People who only look at “headline” numbers, and don’t bother with the asterisks, look at graduation rates and assume that something is going horribly wrong. But a ratio of 35 to 6 is such a honker of an asterisk that failing to account for it amounts to misrepresentation. . . .

My preferred measures of community college performance would be based on actual student behavior. For example, does the percentage of bachelor’s grads in a given area with community college credits roughly match the percentage of undergrads who are enrolled at community colleges? (Nationally, it does.) If so, then the idea of community colleges as dropout factories is hard to sustain. For programs not built around transfer, how are the employment outcomes? I wouldn’t look at loan repayment rates, just because the percentage of students with loans is so low; it’s a skewed sample. I would look at achievement gaps by race, sex, age, and income. I would look at ROI for public investment, as well as at local reputation. . . .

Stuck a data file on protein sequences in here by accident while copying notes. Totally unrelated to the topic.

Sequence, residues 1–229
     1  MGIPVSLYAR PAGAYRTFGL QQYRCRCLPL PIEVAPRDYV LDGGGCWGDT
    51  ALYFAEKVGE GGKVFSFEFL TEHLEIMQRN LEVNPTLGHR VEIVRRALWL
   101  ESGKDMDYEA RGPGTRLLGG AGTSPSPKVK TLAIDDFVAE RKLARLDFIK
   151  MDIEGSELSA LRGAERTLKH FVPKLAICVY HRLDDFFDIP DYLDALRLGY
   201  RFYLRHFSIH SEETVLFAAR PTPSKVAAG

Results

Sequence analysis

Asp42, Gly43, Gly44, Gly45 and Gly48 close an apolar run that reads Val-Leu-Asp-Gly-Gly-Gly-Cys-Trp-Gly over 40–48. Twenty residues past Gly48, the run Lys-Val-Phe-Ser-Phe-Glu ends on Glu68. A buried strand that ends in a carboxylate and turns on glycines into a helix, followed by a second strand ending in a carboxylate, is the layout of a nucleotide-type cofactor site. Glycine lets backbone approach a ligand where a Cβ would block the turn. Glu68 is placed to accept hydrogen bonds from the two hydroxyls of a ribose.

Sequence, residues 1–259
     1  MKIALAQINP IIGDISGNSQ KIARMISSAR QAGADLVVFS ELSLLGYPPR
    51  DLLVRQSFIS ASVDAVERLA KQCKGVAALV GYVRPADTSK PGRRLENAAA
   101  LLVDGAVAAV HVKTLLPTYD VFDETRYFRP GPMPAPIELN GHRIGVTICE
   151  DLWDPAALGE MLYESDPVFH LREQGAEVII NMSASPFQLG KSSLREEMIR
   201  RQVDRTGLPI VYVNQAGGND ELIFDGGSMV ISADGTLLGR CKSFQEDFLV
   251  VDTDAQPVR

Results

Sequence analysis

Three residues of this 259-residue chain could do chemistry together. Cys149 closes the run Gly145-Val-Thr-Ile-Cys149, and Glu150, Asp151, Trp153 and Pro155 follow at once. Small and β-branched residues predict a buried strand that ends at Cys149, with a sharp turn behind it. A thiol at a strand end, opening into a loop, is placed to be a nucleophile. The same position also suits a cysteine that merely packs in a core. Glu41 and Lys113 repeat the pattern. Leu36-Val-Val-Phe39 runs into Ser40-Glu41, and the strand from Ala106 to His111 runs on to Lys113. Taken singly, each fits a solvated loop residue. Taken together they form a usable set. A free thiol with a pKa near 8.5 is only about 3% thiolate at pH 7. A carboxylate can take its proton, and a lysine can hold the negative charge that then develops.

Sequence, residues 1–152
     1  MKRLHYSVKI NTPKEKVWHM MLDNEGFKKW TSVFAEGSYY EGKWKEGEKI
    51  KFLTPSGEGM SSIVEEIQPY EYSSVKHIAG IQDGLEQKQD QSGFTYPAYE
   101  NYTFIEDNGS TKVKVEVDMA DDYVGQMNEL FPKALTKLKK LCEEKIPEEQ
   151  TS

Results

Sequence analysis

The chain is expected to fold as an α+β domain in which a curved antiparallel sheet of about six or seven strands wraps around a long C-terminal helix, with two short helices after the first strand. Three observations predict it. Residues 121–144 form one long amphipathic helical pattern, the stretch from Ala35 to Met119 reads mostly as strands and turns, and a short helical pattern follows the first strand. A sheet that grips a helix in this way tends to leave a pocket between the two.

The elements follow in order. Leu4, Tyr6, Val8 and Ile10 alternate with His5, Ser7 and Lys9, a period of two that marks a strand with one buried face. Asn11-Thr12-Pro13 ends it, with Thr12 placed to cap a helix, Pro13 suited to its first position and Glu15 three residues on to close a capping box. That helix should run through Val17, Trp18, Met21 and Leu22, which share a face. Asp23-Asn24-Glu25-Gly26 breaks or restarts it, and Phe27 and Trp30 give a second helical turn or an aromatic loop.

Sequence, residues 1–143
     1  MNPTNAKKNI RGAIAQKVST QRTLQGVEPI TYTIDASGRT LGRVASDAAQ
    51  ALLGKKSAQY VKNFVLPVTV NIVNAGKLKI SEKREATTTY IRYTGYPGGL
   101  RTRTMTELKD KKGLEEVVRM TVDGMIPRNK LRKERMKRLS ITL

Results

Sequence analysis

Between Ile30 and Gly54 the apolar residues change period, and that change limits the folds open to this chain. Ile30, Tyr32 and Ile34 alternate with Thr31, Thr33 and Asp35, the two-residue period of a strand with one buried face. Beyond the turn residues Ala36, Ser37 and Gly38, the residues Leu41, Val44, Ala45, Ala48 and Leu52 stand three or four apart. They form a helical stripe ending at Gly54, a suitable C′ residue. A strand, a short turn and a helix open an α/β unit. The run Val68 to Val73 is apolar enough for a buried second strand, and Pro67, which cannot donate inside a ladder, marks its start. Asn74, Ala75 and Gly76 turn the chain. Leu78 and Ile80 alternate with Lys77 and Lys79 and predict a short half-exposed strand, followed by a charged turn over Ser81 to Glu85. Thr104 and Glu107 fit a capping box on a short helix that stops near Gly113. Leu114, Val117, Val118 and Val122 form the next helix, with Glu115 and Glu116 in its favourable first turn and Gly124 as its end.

And a bunch more. I don’t know much about the world of education policy: Maybe some of these things are already being measured? Seems important, in any case.

]]>For today we have the #2 ranked wit, the star of the Algonquin Round Table—no alcohol jokes in the comments, please—vs. the undisputed GOAT of gymnastics. Two completely different talents, and unfortunately only one can advance to the next round. Who should it be?

Again, the full bracket is here, and here are the rules:

]]>We’re trying to pick the ultimate seminar speaker. I’m not asking for the most popular speaker, or the most relevant, or the best speaker, or the deepest, or even the coolest, but rather some combination of the above.

I’ll decide each day’s winner not based on a popular vote but based on the strength and amusingness of the arguments given by advocates on both sides. So give it your best!

Nasa is a major player in space science, so when a team from the agency this week presents evidence that “impossible” microwave thrusters seem to work, something strange is definitely going on. Either the results are completely wrong, or Nasa has confirmed a major breakthrough in space propulsion. . . .